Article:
It's all well and good that the Richmond County Sheriff's Department fired Deputy David Smith, who also heads the city's landfill. After all, Smith is linked to theft charges and has refused to take a lie-detector test.
Now the question is, why hasn't the city fired Smith from his landfill post?
Failure to cooperate with a criminal investigation -- in which one indicted suspect claims his boss, Smith, asked him to steal gravel -- ought to be grounds for Smith's suspension, if not dismissal. It certainly would be the case if this was a job in the private sector!.
Again, this is not about finding Smith guilty before he has even been formally charged with anything -- or depriving him of his constitutional rights. It's about not cooperating. In most workplaces that's a firing offense.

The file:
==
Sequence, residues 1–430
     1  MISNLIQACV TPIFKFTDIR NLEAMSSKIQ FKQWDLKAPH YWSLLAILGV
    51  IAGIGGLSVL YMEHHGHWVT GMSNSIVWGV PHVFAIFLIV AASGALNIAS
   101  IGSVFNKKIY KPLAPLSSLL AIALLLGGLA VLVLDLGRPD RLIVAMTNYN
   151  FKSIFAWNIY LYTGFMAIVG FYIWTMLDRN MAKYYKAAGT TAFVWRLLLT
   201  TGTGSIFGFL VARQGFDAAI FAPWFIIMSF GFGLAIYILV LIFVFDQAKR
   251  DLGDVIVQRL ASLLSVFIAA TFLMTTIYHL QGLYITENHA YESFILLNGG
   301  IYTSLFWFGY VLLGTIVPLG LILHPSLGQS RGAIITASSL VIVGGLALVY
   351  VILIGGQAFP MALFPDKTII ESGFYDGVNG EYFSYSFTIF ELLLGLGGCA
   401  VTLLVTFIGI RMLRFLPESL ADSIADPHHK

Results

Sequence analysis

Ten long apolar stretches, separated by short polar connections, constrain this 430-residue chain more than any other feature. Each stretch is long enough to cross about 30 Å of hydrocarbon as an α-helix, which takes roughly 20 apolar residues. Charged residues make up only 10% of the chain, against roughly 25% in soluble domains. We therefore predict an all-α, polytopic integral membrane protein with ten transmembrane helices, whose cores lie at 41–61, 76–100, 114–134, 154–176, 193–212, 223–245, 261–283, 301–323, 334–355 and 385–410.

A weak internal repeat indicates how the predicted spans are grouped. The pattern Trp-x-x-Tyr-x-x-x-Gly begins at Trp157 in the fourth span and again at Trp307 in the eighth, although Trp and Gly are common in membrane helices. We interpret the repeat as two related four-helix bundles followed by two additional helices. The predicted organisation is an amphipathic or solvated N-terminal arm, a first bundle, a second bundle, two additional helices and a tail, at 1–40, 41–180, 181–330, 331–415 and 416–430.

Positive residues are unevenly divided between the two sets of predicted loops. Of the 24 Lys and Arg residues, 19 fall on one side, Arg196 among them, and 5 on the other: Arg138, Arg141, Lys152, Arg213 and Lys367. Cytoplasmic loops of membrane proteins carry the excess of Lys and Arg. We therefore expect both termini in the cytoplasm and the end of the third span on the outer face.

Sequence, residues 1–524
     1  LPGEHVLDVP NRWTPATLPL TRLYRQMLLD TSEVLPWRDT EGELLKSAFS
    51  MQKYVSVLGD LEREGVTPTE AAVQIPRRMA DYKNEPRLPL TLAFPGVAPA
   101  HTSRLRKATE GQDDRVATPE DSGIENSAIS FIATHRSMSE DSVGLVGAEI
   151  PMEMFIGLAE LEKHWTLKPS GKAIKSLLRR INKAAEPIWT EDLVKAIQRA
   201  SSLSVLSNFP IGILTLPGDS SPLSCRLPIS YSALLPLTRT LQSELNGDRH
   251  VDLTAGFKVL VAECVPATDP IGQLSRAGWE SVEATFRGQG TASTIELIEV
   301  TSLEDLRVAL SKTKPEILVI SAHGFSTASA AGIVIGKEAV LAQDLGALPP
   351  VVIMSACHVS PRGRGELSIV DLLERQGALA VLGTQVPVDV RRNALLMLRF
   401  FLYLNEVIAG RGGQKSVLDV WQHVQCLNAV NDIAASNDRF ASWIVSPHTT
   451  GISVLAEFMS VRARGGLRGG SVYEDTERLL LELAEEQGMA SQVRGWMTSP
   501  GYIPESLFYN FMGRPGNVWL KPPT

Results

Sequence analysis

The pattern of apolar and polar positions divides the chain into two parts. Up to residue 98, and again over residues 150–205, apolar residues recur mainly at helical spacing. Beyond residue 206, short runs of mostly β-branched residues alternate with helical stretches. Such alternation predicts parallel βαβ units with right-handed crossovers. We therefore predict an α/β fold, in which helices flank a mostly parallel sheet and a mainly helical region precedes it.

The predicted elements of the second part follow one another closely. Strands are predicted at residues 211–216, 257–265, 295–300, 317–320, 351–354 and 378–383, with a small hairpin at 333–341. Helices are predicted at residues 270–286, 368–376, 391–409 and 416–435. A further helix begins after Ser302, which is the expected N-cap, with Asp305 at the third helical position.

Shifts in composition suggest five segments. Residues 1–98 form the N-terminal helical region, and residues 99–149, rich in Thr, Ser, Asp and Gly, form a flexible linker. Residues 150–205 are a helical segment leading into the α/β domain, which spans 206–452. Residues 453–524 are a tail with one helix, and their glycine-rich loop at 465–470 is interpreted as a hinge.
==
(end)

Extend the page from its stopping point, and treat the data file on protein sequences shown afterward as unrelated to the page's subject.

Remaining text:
The U.S. Constitution can keep a person out of jail if he doesn't cooperate, but it doesn't protect his job.
Smith claims he'd like to take a lie-detector test and cooperate with the sheriff, but on advice of counsel he cannot. That's having it both ways.
The last person in the world Augusta-Richmond County taxpayers should want to run the landfill is someone who's suspected of being involved in landfill crimes.
There are apparently technical legal reasons why the city can't dismiss Smith based on his refusal to take a polygraph test in the sheriff's criminal probe. But there is nothing to stop Smith's immediate supervisor, Public Works Director Jack Murphy, from ordering Smith to undergo a city lie-detector exam -- and then moving to fire him if he doesn't cooperate.
Of course, Smith would save a lot of headaches, and put himself in a much more favorable light, if he did the right thing: step aside until (or if) his name is cleared.